While browsing around for blogging subjects I came across this account of the installation of the new Syrian Catholic Patriarch in Beirut earlier this week, and it started me reflecting, first, on just how varied and complex the Christian churches in the Middle East are, and, secondly, how little known they are to Westerners, even those who spend a lot of time deploring the fate of Christians in some Middle Eastern countries. I'm pretty sure that most Catholics in the West aren't even aware there is a Syrian Catholic Church, let alone who the Patriarch is (though this one is the former Syrian Catholic Archbishop of North America). (And as a footnote, the Church's name in English is now officially the Syriac Catholic Church, though this Lebanese report uses the earlier form, which was common till just the past few years. I think the church wanted to play down the equation of "Syrian" with the modern state of that name, though they only changed the English, not the Arabic or Syriac names.)
Christianity, of course, is not a Western faith by origin, but a Middle Eastern one. Palestinian Christians often joke about being asked by well-meaning Western Christians, "which missionary group converted your people?" (to which the answer is, of course, Jesus and the 12 Apostles). Middle Eastern Christian populations are in decline, as I think is well known; the hardships of the West Bank and the hostility of political Islamists have led many Palestinian Christians to emigrate; towns like Bethlehem, which had been Christian since, rather literally, the beginning are now majority Muslim. Assyrian and Chaldean Christians in Iraq have also been fleeing in the face of violence. But while there are certainly pressures coming from radical Islamist movements in some countries, the sheer diversity of the Christian communities in the Middle East, and the real if not always visible role Christians play in a number of countries is often unappreciated by Westerners.
I'm reminded of a story that a former chief Arabic translator for the US Department of State liked to tell back in the 1970s and 1980s. He was a Syrian Assyrian -- a Syrian national by origin and a member of the Assyrian Church of the East from the Dayr al-Zor area -- and since he traveled with the Secretary of State when going to the region, he was well known to reporters traveling along. When Western news media were trying to get up to speed on the factions in Lebanon and the Sunni-Shi'a split during the Iranian Revolution and after, they would ask, "are you Sunni or Shi'a?" and he'd say, "neither, I'm a Christian," The Lebanese war being in high gear at the time the reporters would often follow with, "so you're a Maronite?", and when informed that no, he was an Assyrian, the teaching moment would arrive . . .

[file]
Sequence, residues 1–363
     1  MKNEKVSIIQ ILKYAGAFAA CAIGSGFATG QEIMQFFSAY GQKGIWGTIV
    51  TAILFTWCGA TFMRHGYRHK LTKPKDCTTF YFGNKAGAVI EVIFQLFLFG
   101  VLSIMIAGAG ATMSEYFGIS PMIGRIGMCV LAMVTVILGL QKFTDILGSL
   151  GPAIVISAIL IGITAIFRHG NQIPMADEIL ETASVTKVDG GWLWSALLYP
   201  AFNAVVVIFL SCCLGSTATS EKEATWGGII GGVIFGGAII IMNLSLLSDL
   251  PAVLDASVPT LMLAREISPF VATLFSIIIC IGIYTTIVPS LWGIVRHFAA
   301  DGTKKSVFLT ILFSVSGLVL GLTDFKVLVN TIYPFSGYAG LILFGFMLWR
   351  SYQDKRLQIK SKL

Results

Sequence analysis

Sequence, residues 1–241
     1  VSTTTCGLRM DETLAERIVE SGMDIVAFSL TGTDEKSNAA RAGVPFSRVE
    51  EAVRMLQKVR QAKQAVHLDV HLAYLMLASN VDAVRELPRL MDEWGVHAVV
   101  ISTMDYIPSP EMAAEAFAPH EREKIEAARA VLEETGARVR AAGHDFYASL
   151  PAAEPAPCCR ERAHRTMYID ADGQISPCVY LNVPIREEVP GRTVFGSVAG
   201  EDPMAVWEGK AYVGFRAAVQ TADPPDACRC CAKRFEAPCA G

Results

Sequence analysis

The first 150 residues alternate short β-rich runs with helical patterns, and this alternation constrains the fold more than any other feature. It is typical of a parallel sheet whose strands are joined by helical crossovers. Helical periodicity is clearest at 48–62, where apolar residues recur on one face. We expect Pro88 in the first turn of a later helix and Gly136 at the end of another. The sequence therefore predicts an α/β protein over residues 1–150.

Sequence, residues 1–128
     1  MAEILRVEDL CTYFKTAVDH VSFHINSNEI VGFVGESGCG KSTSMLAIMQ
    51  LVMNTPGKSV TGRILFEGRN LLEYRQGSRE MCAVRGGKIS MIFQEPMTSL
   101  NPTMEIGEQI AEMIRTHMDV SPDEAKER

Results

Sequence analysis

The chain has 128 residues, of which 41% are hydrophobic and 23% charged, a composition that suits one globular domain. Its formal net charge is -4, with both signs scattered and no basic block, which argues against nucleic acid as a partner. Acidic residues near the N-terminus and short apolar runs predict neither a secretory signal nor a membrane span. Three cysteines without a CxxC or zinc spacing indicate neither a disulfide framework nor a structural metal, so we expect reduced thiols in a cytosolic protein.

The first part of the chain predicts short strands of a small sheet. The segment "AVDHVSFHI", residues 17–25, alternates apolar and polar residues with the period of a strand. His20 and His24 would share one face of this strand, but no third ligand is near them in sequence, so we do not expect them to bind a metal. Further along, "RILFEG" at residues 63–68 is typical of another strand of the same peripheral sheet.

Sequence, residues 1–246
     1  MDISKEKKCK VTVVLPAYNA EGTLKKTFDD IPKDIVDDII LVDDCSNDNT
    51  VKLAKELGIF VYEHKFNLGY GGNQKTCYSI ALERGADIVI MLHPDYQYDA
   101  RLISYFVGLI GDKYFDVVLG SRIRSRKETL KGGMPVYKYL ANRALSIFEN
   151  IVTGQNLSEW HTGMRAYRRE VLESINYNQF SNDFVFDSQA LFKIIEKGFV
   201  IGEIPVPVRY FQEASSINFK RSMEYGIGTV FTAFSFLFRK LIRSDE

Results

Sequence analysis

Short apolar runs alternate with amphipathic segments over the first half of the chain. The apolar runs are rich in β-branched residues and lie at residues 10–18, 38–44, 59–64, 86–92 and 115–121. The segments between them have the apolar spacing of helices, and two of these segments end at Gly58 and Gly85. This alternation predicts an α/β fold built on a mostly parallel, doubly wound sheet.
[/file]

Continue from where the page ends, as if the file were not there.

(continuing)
As an example of this diversity: Wikipedia says that there are currently five churches whose heads use the title Patriarch of Antioch. (Three are based in Damascus, one in Beirut and one in Bkerke, Lebanon: in other words, none of them in ancient Antioch, current Antakya in Turkey.) The Patriarchs of Antioch represent the Eastern (Antiochene) Orthodox, Syriac Orthodox (sometimes called "Jacobite"), Maronite, Melkite, and Syriac Catholic Churches. The last three are all in union with Rome, the Antiochenes are "Eastern Orthodox" in communion with Constantinople, and the Syriac Orthodox are Oriental Orthodox in loose communion with the Copts and Armenians. There are at least three Patriarchs of Alexandria (Coptic, Eastern Orthodox, and Catholic). Nor do these exhaust all the Christian communities of the Middle East: Iraq has the Assyrian Church of the East and the Chaldean Catholics; Lebanon, Palestine and other areas with an Armenian diaspora have the Armenian Apostolic Church (two main branches) and the Armenian Catholics, and there are significant indigenous Protestant communities in Lebanon, Palestine and elsewhere. The leading historian of modern Lebanon, Kamal Salibi, is a Presbyterian.